About Ben Ficklin
Benjamin Franklin Ficklin was known for his grand sense of adventure. His career was varied - surveyor, soldier, secret agent, scout - but he is, perhaps, best known as one of the founders of the famed Pony Express.
Ben Ficklin was born in 1827 in Albemarle County, Virginia, the fifth son of Benajmin Ficklin and Eleanor Slaughter. His father, a Baptist minister who also ran a successful tobacco business, was determined to instill discipline in his son. In July 1845 Ben entered the Virginia Military Institute, where he soon became famous for his pranks and exploits, regularly disobeying the Institute's regulations. He set off fireworks beneath a reviewing stand, painted zebra stripes on the horse of Superintendent Francis H. Smith, and "placed two buckets of water over the door" leading to a faculty room, "& smeared the door handle with a quantity of filth." Ficklin was dismissed in late 1846 and - rather than return home in disgrace - he enlisted in the Army. He served for a brief time and was wounded during the Mexican War. He subsequently petitioned VMI for readmission, and he returned to the Institute and graduated in July 1849.
worked briefly as a teacher following graduation, Ficklin quickly realized he was ill-suited to that profession. He joined an express company in Alabama, and then moved west. He found employment with a freight line company on the western plains during the 1850's and in 1857 began work on a series of western surveying expeditions. Ficklin returned to the express and stage business in 1859, capitalizing on the boom in commercial transportation fed by western expansion and the Pike's Peak Gold Rush. Along with several others, he formed the famed "Pony Express" courier service in January 1860 and served as a key partner in the venture until he left the company due to a conflict with another partner.
Ficklin loved his adventurous life on the frontier, as expressed in an 1859 letter to Superintendent Francis Smith: "If you would like to take a buffalo hunt on the Plains, come out about August 15th. It will take two weeks, not cost anything, and is the most exciting sport in the world except making love to the girls." Smith maintained a cordial relationship with Ficklin, as indicated in this letter from 1860:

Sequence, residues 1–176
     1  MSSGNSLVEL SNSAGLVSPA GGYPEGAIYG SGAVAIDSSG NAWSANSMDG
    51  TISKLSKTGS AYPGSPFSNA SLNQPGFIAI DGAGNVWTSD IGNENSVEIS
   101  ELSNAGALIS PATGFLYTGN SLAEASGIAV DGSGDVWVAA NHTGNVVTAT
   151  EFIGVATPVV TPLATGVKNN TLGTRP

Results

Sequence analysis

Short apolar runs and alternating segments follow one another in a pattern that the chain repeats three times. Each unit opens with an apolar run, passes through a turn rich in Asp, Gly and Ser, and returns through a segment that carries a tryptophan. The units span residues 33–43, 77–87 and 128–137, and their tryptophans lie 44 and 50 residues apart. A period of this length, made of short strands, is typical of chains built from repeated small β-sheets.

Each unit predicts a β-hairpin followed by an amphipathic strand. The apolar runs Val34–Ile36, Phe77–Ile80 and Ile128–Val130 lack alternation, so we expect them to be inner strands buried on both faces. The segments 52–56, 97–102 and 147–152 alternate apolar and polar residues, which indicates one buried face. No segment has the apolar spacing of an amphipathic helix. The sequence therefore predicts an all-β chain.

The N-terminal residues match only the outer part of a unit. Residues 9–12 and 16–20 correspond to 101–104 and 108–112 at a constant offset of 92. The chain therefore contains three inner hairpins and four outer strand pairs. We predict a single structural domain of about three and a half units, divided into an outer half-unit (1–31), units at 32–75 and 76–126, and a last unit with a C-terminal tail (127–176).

"You have no idea what a commotion occasioned in the City of "Gotham" when it was known that a package of gold was at the Express office for Col. F.H.S. & all the way from Kansas & from B.F.F. Even the young ladies were on tip-toe on the occasion. I have no doubt surmises were afloat that orders were received by the said F.H.S. for the manufacture of a plain gold ring-- But who was to be the lucky lass for whom this ring was designed. To answer all these queries was out of the question. "Pony Express" would break down in the effort, so I had only to say in your own language, "I had not time to attend to such matters." But more seriously the gold has arrived & I thank you for it. It is not only a fine specimen of Pike's Peak, but it is a grateful remembrance from one whom I have so much reason to respect."
When the Civil War began in 1861, Ficklin returned to his native Virginia to assist the Confederate cause. Early in the war he saw active field service; he subsequently served as a Confederate government purchasing agent in England and worked in intelligence. Postwar, he operated a stage coach express business in Texas, having obtained significant government contracts for carrying mail in the Texas frontier region. Ever the adventurer, Ficklin persisted despite frequent Comanche attacks on the stage lines and stations.
Ficklin's business venture required regular trips to Washington, DC to deal with the U. S. Post Office bureaucracy. In March 1871, while in the city to lobby for mail contracts, Ficklin and a friend dined at a Georgetown restaurant and a fishbone became lodged in Ficklin's throat. He died several days later, as a result of an artery being slashed by the doctor attempting to remove the bone. He is buried in Maplewood Cemetery in Charlottesville, Virginia.